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Is King County muddling through or making real reforms?

Bob Ferguson is serving on a King County Council that he thinks is moving toward substantial changes. But he's also looking ahead to the race for state attorney general.

King County Council member Bob Ferguson

King County Council member Bob Ferguson King County

Bob Ferguson has made a mark on the King County Council with a tendency toward centrist Democratic politics that was apparent long before fiscal constraints forced some of his fellow party members there toward the middle. He has frequently been a swing vote between Republicans and Democrats on the officially nonpartisan council. His fellow Democrats once tried, unsuccessfully, to redistrict him out of their lives.

Ferguson is now in the middle of trying to translate his independent streak, council experience, and background as an attorney into a successful run as a Democrat for state attorney general, a campaign he announced in February. He hopes to succeed Rob McKenna, a predecessor on both the council and as student body president at the University of Washington. McKenna is expected to run for governor. Assuming that happens, other contenders in the AG race are almost sure to include Ferguson's fellow County Councilmember Reagan Dunn, a Republican, and former Pierce County Executive John Ladenberg, a Democrat.

In a discussion with Crosscut writers and editors on Tuesday, Ferguson fielded questions about both his statewide run and King County, appearing more comfortable with the discussion of his current responsibilities. He seemed cautious about criticizing McKenna, with whom he has had a good relationship.

On McKenna's joining of the Republican lawsuit against President Barack Obama's health-care law, Ferguson said he would withdraw the state from the legal effort if elected. However, he quickly added, "But do I think he had the authority [to enter the lawsuit]? Yes." He did say McKenna could have done a better job of discussing his plans with other state elected officials. Referring to Gov. Chris Gregoire, who has been very upset about the suit, Ferguson said, "I was surprised that [McKenna] did not reach out with a greater heads-up to the governor, especially to a governor who is a former attorney general." Ferguson also noted that, while McKenna has talked about disagreeing with only parts of the law, the suit actually seeks to overturn the entire health-care act.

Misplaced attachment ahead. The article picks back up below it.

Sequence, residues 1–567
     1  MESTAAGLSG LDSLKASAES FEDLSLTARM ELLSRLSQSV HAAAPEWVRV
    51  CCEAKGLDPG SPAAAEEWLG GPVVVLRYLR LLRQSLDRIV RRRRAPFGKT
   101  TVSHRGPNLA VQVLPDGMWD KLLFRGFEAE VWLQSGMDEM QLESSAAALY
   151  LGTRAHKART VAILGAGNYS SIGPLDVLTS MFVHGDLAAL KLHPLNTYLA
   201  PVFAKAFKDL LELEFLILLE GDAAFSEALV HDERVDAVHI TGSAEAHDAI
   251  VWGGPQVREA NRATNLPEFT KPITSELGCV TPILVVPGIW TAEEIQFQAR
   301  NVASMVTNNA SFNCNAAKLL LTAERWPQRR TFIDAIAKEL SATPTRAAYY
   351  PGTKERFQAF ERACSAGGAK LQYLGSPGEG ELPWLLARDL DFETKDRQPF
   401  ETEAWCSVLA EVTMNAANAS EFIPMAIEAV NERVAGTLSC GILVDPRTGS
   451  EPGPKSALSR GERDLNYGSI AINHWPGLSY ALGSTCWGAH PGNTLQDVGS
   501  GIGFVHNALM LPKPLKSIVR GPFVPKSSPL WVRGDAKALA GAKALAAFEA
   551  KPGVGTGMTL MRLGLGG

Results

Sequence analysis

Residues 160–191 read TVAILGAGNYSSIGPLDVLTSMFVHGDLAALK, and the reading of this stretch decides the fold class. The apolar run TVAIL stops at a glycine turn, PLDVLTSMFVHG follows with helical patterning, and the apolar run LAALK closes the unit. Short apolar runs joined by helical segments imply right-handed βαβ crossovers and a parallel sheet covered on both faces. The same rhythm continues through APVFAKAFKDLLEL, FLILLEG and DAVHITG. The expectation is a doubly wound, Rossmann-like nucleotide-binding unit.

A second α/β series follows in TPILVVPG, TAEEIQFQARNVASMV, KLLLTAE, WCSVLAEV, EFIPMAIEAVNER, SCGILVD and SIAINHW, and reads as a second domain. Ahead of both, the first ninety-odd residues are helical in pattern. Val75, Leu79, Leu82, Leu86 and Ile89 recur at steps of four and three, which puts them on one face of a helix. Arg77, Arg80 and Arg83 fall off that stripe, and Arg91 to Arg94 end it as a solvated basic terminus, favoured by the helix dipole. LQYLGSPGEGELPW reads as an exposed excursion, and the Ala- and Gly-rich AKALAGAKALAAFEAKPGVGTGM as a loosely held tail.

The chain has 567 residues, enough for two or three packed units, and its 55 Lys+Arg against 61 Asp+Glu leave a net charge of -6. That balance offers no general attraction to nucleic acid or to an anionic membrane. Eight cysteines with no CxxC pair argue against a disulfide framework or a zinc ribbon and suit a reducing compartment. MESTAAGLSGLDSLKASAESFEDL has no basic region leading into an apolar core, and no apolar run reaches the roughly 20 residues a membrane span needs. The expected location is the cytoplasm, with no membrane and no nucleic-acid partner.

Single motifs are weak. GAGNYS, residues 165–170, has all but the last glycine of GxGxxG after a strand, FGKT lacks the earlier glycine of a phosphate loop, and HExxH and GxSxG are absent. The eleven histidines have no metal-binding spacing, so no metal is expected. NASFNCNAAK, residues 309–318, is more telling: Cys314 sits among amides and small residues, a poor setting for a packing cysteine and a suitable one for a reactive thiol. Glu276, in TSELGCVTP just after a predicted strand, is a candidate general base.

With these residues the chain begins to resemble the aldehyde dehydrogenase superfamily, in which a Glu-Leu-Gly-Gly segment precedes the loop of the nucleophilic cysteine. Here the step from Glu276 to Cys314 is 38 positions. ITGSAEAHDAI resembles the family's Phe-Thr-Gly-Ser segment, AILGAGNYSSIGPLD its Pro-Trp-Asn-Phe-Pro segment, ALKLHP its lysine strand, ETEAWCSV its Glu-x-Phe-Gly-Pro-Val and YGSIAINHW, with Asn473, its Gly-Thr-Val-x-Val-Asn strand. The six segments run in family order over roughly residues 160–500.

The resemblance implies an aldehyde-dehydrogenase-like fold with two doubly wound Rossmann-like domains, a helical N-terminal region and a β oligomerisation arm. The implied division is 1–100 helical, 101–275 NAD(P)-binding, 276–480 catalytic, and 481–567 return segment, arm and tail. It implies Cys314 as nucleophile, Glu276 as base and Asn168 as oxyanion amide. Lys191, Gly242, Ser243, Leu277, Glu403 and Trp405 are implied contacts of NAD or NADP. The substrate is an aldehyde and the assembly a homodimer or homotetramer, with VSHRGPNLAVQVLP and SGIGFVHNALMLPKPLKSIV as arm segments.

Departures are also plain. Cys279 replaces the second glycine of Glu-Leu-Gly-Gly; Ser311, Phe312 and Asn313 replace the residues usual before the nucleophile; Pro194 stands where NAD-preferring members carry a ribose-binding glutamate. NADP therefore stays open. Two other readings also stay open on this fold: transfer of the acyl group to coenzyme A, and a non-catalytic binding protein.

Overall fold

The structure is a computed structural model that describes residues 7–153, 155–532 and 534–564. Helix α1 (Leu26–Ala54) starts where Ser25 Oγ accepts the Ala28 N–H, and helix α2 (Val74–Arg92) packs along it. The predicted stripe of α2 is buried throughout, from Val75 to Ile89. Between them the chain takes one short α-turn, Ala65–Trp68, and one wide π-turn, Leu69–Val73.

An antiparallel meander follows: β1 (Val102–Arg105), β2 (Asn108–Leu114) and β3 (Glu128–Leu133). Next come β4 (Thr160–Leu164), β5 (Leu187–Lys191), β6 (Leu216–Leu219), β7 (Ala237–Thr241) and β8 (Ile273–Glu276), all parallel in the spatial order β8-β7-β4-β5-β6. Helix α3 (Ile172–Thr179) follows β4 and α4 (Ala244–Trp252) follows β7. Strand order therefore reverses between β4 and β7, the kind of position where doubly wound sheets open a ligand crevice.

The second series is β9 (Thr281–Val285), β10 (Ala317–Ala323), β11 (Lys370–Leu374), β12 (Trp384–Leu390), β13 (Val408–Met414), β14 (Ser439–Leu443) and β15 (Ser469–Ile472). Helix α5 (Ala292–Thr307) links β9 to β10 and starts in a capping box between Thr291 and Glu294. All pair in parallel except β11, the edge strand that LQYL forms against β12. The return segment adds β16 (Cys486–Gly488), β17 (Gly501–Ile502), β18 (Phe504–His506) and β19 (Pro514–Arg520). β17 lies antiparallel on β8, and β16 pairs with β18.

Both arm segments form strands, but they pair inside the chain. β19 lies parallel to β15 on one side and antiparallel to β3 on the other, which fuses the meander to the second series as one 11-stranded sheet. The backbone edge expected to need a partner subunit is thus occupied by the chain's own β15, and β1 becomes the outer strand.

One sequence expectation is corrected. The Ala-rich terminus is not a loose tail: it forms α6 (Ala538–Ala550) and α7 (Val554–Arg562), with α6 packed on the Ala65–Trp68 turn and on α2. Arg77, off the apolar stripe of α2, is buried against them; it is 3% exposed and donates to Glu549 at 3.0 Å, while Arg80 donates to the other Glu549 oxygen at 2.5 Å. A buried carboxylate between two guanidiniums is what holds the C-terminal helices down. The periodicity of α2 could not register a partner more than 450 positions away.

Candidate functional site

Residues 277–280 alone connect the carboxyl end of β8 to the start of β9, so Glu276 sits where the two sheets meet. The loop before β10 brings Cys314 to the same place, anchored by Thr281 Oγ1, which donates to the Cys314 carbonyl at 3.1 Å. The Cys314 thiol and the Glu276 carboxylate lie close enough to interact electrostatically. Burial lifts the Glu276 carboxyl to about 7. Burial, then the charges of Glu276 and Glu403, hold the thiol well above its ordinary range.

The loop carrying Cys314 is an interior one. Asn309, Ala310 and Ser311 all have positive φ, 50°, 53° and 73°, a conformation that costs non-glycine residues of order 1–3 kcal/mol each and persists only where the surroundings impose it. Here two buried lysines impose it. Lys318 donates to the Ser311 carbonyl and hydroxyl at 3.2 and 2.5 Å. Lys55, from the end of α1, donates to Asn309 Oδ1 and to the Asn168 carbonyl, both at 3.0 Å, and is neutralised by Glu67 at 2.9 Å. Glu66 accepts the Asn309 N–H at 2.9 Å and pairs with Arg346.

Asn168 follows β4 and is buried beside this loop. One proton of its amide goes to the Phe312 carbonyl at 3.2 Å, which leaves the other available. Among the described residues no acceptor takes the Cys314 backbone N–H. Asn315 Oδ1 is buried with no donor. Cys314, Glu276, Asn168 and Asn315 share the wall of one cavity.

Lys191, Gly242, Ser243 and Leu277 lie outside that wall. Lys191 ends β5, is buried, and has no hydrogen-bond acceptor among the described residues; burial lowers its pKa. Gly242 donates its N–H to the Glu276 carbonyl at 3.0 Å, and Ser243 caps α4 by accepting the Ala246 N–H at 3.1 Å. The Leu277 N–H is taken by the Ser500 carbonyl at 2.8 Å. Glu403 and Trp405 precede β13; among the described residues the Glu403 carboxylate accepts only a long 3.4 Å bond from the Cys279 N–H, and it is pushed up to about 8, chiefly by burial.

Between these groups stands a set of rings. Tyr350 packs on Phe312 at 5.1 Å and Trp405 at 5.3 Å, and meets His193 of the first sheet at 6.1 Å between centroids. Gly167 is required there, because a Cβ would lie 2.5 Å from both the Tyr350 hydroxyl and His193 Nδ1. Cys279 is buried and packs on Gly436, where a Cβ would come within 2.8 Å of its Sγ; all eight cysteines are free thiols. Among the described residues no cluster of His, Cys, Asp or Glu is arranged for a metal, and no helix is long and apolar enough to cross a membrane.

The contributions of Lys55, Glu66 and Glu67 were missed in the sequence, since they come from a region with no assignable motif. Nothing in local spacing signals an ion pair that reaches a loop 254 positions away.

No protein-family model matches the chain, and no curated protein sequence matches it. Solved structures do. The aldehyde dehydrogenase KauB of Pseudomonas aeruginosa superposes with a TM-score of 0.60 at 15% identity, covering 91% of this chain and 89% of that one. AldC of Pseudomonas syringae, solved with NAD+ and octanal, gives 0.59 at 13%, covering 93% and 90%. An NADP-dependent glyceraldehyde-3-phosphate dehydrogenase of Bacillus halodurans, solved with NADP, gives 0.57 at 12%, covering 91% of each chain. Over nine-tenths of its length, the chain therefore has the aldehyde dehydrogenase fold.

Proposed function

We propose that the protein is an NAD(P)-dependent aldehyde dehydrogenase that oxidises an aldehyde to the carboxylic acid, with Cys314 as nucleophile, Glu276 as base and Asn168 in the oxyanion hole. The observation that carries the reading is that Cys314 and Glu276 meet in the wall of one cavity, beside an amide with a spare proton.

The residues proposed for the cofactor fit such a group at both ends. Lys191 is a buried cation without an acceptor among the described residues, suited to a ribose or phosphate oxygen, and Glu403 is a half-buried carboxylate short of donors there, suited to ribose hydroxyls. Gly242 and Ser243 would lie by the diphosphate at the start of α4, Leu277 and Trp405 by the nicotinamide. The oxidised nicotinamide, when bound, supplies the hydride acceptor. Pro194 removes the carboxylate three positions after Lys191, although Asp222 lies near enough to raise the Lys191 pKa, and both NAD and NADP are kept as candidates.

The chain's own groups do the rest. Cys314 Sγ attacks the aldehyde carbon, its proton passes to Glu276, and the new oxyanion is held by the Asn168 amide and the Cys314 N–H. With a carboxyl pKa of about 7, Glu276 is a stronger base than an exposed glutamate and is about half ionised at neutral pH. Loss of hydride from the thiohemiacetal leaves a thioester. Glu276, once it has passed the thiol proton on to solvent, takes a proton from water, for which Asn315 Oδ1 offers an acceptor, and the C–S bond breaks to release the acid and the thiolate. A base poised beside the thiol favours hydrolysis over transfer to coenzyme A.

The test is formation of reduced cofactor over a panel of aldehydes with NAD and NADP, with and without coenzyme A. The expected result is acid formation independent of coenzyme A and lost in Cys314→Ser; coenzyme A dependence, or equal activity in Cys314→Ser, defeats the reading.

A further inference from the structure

Ferguson raised concerns about whether McKenna's efforts on preventing gang violence have a large enough dose of prevention but also pointed to the costs of prevention. And he said that a visit with Yakima Democrats had brought home to him that McKenna's efforts respond to a serious issue that "is a part of daily conversation."

On county issues, Ferguson praised Executive Dow Constantine, saying he had brought a "more thoughtful approach" to budget issues since being elected in 2009. He said Constantine had done an excellent job negotiating cost savings with employee groups.

Ferguson said the county has so far engaged in a combination of stopgap measures to find savings and more serious long-term reforms aimed at ensuring manageable government operations. Asked specifically whether King County Democrats had just hoped to "muddle through," he said, "I think that was the approach four or five years ago. … I don't think it could be fairly described that way now."

Now, he added, "There is not a muddle-through approach from any of the council members, Republicans or Democrats."

Ferguson spoke of the importance of county voters' approval for renewal of a veterans and human services levy later this year. But he said he has been surprised by political calculations that seem to assume he would support a $20-per-year fee on car tabs to support Metro Transit if Olympia gives the new taxing authority to the county. Ferguson said that as a regular Metro rider "who was standing on the 41 this morning," he understands the need and would probably support such a measure. But other options, he said, also need to be examined carefully.

Joe Copeland is political editor for Crosscut. You can reach him at Joe.Copeland@crosscut.com.


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